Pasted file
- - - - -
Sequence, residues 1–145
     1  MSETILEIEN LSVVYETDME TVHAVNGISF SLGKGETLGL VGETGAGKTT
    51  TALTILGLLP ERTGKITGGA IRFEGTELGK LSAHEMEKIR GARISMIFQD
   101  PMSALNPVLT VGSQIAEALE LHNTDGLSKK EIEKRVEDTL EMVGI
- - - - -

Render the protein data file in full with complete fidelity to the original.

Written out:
Sequence, residues 1–145
     1  MSETILEIEN LSVVYETDME TVHAVNGISF SLGKGETLGL VGETGAGKTT
    51  TALTILGLLP ERTGKITGGA IRFEGTELGK LSAHEMEKIR GARISMIFQD
   101  PMSALNPVLT VGSQIAEALE LHNTDGLSKK EIEKRVEDTL EMVGI